Night, from "Invictus," a poem by William Ernest Henley
Invictus, an assertive poem by William Ernest Henley, starts with a striking image of darkness and night. Despite the pit from pole to pole – a terrifying world without light and with its fell clutch of circumstance, the brave soul of the poem holds firm to his belief in himself – he makes decisions, he controls his own thoughts, he sustains his spirit. The subthemes of Night emanate mostly from the first stanza.
Out of the night that covers me,
Black as the pit from pole to pole,
I thank whatever gods may be
For my unconquerable soul.
In the fell clutch of circumstance
I have not winced nor cried aloud.
Under the bludgeonings of chance
My head is bloody, but unbowed.
Beyond this place of wrath and tears
Looms but the Horror of the shade,
And yet the menace of the years
Finds and shall find me unafraid.
It matters not how strait the gate,
How charged with punishments the scroll,
I am the master of my fate,
I am the captain of my soul.
Nightmares: Henley’s poem begins with a nightmarish vision alluding to pitch dark worsened by entrapment in a pit. Equally terrifying images and predicaments in dreams turn them into nightmares. Unfortunate people even suffer recurring nightmares that night after night subject them to the same fearful imaginings. A nightmare can invoke bats, spiders, and monsters of all kinds, or it can trap the dreamer in a terrible predicament (the exam is upon you, but you forgot; you are told to give a speech despite your stage fright). Post-traumatic stress disorder often visits on victims recurrent night terrors. Or other causes of anxiety and depression can unleash adult nightmares. Whatever the cause, a hallucinatory realism can wrack a person. You wake up startled, sweating, and unable to fall back to sleep. More figuratively, the term “nightmare” has metastasized in a metaphorical sense to cover any dreadful situation.
Scary: In the annals of humankind, the dark of night has been fretted as a frightening time. Perhaps a sheet protects you from attack or embarrassment, perhaps not. You had best stay safely inside and with your companions because out in the dark roam hungry wolves, cruel highwaymen, pitiless criminals, and all manner of terrifying witches, monsters, and other malevolent creatures. Serial killers and Freddie Kruegers with their razored gloves always strike in the eerie, threatening darkness. Lightning strokes pierce the dark, but they also set fires and kill. At the core, blindness scares all of us.
Streetlights: For centuries in cities, with perhaps only candles through windows, the nights were profoundly dark. Without streetlights, it was dangerous to be out when you couldn’t see what might stalk you and pounce. The best course was to batten down the hatches rather than venture out, afraid and with reason, after the crepuscular light disappears. Only recently have streets been lit. Public street lighting was first developed in the 16th century, and accelerated following the invention of lanterns with glass windows, which greatly improved the quantity of light. Nowadays, probably the most common streetlight glows with around 5,000 lumens used in residential areas : a lumen is “a unit of luminous flux equal to the light emitted in a unit solid angle by a uniform point source of one candle intensity.” Street lights include Metal Halide, High Pressure Sodium (HPS), Low Pressure Sodium (LPS), Light Emitting Diode (LED), Phosphor-Converted Amber (PCA) LED, and Narrow-Band Amber (NBA) LED.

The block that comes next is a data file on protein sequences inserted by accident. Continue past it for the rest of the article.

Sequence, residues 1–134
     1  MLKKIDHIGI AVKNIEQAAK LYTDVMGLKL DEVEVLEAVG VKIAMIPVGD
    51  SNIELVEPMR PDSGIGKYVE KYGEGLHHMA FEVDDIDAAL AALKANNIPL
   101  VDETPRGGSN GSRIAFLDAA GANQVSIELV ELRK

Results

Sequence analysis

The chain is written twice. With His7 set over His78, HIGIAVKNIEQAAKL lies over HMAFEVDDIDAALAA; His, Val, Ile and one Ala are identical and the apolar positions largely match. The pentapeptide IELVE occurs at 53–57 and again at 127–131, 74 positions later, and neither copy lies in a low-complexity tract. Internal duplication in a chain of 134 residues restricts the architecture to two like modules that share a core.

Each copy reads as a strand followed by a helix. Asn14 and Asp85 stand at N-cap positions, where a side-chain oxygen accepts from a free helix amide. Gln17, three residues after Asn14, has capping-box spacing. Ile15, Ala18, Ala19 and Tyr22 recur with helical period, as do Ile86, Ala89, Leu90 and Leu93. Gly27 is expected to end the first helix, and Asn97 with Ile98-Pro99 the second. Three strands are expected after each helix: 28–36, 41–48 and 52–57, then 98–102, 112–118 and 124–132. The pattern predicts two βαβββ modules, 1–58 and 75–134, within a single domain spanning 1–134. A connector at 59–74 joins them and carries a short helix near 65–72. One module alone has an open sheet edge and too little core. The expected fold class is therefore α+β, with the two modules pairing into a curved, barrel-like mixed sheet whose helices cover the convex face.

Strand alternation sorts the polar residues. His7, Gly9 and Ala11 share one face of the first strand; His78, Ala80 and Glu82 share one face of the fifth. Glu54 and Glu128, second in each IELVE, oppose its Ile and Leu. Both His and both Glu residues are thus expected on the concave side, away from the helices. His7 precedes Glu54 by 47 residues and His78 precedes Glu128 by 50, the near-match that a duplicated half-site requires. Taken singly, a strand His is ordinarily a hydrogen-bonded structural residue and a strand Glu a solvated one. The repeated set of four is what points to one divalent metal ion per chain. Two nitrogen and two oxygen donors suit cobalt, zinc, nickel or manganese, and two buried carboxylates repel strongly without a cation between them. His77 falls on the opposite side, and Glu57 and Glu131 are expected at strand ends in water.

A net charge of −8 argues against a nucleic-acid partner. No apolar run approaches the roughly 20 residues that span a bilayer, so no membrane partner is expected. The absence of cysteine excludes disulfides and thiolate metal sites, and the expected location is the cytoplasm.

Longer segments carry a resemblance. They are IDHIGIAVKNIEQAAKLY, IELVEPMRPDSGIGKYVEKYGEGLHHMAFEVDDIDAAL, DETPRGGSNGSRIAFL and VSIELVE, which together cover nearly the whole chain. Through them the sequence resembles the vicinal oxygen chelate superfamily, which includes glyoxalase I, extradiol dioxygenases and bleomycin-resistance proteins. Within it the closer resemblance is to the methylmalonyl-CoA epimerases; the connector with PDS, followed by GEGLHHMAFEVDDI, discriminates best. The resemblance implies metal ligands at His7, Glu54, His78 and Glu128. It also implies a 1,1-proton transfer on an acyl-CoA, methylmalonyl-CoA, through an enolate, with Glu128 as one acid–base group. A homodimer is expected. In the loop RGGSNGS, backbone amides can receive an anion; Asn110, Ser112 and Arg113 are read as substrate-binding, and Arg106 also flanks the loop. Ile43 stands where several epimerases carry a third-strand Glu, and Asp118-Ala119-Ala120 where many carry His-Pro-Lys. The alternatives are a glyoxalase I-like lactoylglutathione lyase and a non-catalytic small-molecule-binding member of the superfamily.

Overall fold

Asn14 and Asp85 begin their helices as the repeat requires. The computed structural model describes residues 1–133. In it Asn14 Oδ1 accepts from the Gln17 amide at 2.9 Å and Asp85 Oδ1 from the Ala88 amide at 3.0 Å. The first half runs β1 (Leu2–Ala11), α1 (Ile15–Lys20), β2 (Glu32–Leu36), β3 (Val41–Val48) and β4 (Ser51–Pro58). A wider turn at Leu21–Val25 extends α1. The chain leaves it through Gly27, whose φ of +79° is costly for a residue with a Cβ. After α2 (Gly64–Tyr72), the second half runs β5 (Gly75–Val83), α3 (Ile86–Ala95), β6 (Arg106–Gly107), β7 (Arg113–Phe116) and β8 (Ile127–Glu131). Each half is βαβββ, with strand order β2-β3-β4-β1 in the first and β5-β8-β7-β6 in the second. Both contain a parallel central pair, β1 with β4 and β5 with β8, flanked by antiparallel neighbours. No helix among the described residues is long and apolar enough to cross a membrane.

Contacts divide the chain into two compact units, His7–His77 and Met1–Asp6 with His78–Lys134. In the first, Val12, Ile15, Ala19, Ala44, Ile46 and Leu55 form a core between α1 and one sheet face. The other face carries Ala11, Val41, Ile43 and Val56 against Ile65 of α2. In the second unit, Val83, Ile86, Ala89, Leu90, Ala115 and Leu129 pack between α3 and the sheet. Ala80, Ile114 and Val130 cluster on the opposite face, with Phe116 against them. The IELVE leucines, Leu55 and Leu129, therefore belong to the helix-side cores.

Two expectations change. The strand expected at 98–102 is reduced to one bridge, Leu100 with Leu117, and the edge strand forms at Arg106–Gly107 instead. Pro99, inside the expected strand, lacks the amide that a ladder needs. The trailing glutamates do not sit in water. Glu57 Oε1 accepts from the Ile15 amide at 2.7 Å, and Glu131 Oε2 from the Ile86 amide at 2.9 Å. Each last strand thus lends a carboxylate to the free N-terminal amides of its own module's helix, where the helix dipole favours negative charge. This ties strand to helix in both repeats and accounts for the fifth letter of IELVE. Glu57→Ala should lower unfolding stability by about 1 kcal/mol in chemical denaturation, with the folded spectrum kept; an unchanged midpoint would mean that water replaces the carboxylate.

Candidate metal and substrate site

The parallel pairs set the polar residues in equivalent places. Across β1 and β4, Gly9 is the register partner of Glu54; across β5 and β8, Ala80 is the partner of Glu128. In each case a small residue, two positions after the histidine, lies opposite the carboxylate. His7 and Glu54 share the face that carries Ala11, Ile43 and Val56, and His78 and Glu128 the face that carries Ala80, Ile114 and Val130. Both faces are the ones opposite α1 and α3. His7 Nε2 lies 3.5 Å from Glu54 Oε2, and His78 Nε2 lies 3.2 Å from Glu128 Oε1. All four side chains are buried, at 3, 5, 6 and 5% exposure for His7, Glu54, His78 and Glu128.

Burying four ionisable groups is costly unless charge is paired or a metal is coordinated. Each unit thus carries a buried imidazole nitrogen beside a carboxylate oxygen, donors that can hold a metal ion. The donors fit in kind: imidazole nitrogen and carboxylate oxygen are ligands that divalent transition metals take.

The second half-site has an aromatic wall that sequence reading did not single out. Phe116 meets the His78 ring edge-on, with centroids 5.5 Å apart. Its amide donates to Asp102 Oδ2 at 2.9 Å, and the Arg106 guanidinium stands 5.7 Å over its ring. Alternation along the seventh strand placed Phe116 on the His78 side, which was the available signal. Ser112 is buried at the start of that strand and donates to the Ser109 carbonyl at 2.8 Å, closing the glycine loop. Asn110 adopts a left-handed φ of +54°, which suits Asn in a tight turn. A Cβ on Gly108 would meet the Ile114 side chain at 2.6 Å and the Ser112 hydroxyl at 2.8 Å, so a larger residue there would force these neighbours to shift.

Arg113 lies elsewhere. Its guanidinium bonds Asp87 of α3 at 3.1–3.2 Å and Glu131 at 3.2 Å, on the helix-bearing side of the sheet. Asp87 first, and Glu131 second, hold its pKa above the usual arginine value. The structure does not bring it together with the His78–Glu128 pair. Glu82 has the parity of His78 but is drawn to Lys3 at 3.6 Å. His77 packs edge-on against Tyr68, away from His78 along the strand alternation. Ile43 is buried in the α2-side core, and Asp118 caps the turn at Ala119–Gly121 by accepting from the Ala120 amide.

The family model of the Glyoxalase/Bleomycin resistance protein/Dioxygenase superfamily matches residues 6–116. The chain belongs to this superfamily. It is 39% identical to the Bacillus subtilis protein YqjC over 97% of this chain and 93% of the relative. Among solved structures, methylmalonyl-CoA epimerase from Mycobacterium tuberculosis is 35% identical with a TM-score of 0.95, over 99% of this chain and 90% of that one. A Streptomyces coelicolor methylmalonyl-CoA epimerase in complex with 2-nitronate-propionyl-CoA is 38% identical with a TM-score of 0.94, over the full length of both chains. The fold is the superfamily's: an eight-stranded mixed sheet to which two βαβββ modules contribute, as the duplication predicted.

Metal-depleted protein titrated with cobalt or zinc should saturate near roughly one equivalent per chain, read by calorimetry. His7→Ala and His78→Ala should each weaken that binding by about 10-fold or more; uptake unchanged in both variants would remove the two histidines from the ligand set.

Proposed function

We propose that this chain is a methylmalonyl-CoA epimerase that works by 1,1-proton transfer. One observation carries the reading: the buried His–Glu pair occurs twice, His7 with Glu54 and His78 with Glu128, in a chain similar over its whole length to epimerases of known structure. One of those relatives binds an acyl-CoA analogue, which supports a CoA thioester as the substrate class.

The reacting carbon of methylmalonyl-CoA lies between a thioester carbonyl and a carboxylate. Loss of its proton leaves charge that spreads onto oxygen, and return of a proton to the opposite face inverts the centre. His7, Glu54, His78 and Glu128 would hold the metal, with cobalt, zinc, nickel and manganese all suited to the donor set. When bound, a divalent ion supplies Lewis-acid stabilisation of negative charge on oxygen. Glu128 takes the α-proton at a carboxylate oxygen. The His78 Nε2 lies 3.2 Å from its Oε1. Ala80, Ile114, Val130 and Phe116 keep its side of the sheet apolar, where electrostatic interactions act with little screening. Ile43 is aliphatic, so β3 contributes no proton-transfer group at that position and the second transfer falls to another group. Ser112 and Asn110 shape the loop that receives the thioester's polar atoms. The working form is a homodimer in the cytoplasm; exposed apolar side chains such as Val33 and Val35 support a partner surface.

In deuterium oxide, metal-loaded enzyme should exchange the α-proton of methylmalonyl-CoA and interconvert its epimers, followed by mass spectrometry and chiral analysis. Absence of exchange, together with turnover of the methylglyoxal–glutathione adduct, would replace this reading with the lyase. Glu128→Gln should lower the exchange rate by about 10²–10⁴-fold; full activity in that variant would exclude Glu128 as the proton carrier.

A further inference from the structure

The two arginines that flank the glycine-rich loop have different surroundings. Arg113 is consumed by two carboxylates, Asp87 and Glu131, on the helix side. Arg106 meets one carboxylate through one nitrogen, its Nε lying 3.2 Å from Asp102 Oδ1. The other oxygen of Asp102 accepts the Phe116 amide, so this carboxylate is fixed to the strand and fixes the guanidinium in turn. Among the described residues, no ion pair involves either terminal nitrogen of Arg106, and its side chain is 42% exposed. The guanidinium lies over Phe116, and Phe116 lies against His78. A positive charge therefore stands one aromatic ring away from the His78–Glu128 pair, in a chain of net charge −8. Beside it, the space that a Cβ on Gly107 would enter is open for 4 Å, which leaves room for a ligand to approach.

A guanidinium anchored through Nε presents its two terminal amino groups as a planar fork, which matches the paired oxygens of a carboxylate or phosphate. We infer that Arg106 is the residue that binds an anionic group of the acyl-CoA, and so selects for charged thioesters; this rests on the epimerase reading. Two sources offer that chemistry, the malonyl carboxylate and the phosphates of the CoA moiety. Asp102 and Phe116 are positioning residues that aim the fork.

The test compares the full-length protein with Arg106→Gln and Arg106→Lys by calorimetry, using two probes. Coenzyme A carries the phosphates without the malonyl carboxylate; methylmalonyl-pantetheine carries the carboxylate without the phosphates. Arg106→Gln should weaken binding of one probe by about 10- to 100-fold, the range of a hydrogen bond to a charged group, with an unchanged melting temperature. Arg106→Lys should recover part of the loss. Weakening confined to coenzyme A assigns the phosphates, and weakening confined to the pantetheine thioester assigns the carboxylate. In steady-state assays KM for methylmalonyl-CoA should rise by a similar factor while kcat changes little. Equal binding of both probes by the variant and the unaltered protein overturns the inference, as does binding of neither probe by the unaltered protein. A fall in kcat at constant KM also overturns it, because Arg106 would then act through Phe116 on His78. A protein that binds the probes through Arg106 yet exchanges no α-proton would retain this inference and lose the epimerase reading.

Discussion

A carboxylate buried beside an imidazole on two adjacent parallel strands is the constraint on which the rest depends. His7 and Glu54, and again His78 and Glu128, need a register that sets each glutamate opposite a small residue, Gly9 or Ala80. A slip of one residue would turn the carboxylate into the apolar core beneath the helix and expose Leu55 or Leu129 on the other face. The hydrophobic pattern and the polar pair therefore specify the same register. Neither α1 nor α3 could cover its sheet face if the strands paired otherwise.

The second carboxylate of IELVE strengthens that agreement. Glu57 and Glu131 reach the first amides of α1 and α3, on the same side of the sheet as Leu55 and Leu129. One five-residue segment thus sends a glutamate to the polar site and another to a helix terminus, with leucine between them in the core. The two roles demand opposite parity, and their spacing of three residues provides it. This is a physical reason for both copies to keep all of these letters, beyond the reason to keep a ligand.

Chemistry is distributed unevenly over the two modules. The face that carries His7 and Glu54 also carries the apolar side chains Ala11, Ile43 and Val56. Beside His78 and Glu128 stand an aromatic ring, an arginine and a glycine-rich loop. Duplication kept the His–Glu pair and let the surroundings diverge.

As a metaphor for the difficulties of life, the fell clutch of circumstance, pitch-black night conveys Henley’s bleak perception of life. Life may be bludgeonings of chance and a place of wrath and tears, but it cannot steal from us our conviction in our self. We control how we face the dark challenges of life.
If you are interested in further thoughts on the concept of Night, consider other subthemes that don’t fit as directly to the poem, painting, rock song, and movie written about in this series. For an overview, this article explains Themes from Art or click on the navigation bar, About.
We invite you to read about other poems discussed on this blog, and their themes. Here they are:
- Alcohol: Mr. Flood’s Party, by Edwin Arlington Robinson
- Beauty: She Walks in Beauty, by Lord Byron
- Birds: Ode to a Nightingale, by John Keats
- Bridges: The Concord Hymn, a poem by Ralph Waldo Emerson
- Chance: Hap, by Thomas Hardy
- Churches: Dover Beach, by Matthew Arnold
- Clothes: Upon Julia’s Clothers, by Robert Herrick
- Dancing: My Papa’s Waltz, by Theodore Roethke
- Death: Death, be not proud, by John Donne
- Decisions: The Road Not Taken, by Robert Frost
- Destruction: Ozymandias, by Percy Bysshe Shelley
- Friends: Alone, by Maya Angelou
- Money: Money O!, by W. H. Davies
- Rivers: Kubla Khan, by Samuel Taylor Coleridge
- Sailing Ships: Old Ironsides, by Oliver Wendell Holmes
- Silence: For Whom the Bell Tolls, by John Donne
- Sleep: The Second Coming, by William Butler Yeats
- Soldiers: The Charge of the Light Brigade, by Alfred, Lord Tennyson
- Sports: To an Athlete Dying Young, by A. E. Housman
- Time: To His Coy Mistress, by Andrew Marvell
- Trains: The Railway Train, by Emily Dickinson
- Wind: Ode to the West Wind, by Percy Bysshe Shelley
- Work: Stopping by Woods on a Snowy Evening, by Robert Frost